Employees, citizens at risk of North Carolina fireworks accidents

Our North Carolina workers’ compensation attorneys wish each of you a safe and enjoyable Fourth of July weekend.

For those of you on the job this weekend, including our law enforcement officers, construction crews and city and county park and recreation employees, we thank you for helping keep the roads and local fireworks displays and other activities safe and enjoyable for the thousands of residents and visitors who will be out enjoying the long holiday weekend.
Employees and citizens alike should plan to stay safe around fireworks this weekend. As News 14 reports, many types of fireworks are banned in North Carolina, including those that fly through the air, spin on the ground or explode. But even legal fireworks — including sparklers, fountains, smoke bombs and snaps — can cause serious injury. In other cases, an employee can be injured in a North Carolina fireworks accident when asked to handle fireworks or otherwise perform tasks to assist with a company or municipal function.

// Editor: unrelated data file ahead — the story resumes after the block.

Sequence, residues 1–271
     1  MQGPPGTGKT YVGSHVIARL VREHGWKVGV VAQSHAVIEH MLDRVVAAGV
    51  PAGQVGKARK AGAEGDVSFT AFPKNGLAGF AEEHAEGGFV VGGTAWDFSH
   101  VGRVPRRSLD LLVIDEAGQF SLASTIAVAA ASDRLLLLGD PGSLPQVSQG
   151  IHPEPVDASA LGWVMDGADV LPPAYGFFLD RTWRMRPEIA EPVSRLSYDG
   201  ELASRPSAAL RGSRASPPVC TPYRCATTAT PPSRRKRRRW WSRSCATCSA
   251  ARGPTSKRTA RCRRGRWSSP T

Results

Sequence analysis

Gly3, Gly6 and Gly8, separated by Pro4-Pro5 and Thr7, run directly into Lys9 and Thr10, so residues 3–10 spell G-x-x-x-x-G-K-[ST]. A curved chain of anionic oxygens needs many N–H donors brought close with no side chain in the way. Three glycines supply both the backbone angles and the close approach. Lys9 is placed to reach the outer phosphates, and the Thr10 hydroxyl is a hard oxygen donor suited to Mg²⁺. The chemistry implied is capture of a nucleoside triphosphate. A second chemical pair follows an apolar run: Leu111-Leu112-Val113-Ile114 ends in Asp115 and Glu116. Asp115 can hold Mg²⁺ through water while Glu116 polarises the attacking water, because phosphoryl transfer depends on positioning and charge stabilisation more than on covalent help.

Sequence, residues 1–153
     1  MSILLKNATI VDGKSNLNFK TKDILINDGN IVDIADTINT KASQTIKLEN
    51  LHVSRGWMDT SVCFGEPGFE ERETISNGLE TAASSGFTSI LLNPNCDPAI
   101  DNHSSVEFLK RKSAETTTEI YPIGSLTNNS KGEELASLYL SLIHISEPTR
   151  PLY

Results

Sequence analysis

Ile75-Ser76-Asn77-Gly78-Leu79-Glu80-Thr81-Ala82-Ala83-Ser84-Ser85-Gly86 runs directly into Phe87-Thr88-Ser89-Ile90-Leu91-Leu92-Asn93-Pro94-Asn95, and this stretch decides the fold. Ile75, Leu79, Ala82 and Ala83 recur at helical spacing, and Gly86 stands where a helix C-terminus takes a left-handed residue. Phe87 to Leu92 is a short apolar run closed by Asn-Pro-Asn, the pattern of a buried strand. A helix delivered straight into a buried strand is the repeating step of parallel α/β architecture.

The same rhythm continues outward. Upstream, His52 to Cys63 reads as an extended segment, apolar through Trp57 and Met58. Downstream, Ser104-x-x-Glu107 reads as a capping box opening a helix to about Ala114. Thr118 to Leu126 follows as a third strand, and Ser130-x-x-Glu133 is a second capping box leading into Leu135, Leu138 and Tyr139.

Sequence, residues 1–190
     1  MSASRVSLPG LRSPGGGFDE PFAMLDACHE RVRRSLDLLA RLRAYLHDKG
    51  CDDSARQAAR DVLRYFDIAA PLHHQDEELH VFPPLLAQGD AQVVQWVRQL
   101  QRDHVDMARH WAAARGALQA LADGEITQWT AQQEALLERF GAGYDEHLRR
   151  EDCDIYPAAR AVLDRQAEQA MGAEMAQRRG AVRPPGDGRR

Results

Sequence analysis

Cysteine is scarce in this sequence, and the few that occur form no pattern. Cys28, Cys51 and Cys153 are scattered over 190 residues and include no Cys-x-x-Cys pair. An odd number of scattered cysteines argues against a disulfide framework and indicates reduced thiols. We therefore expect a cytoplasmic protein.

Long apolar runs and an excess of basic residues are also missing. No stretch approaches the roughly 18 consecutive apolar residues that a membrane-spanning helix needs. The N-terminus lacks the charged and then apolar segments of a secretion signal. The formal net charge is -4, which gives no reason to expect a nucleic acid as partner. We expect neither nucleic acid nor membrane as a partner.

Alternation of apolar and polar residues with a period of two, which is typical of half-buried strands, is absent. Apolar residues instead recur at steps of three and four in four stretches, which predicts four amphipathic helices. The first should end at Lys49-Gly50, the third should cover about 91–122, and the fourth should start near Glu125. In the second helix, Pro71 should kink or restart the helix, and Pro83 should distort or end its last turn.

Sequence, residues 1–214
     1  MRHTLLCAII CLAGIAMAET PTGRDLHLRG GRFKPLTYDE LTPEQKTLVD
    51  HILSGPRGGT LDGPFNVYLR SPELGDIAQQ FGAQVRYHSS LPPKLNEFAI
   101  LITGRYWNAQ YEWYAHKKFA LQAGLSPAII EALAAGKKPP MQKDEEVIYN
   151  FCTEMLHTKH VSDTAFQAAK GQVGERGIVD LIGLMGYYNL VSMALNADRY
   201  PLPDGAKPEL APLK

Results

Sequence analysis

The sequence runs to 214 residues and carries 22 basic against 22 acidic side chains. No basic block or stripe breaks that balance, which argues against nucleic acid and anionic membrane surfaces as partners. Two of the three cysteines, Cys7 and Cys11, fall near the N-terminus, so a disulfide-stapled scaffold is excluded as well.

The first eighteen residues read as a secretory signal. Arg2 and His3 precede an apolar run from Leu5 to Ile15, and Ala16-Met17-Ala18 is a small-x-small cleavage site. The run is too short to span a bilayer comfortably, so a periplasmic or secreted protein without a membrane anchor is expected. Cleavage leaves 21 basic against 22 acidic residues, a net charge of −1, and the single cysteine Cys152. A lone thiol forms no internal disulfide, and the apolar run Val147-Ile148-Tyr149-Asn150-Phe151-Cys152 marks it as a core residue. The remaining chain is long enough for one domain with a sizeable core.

“We see a lot of hand injuries from fireworks exploding in their hands, or people think that the firework is a dud, so they go over to it to check on it, and then it goes off and it may go off in their face,” emergency physician Amy Griffin said. “The other thing is sparklers. Even though they’re fun and they’re pretty, they’re very hot, so we see kids with hand injuries and hand burns from the sparklers.”

One-third of all fireworks accidents involve children under the age of 15 and nearly half injure young people under the age of 20, according to the Centers for Disease Control and Prevention.
The threat of a North Carolina fireworks injury to an employee or citizen is very real. The Consumer Products Safety Commission reports that about 200 people a day are injured by fireworks around the Fourth of July holiday. Each year, about 9,000 people are treated in hospital emergency rooms for fireworks injuries.

The most frequent injuries occur to the hands, eyes, head, face and ears. Common injuries include burns, contusions, lacerations and foreign objects in the eye. Typical causes of fireworks injuries include high-grade fireworks used by consumers, operator error, being too close to fireworks, child curiosity and experimentation with homemade devices.

If you are injured in a fireworks accident in North Carolina, or while celebrating the holiday on business or public property, contact the North Carolina workers’s compensation lawyers and personal injury attorneys at the Law Offices of Lee & Smith for a free and confidential appointment to discuss your rights. Call 800-887-1965.

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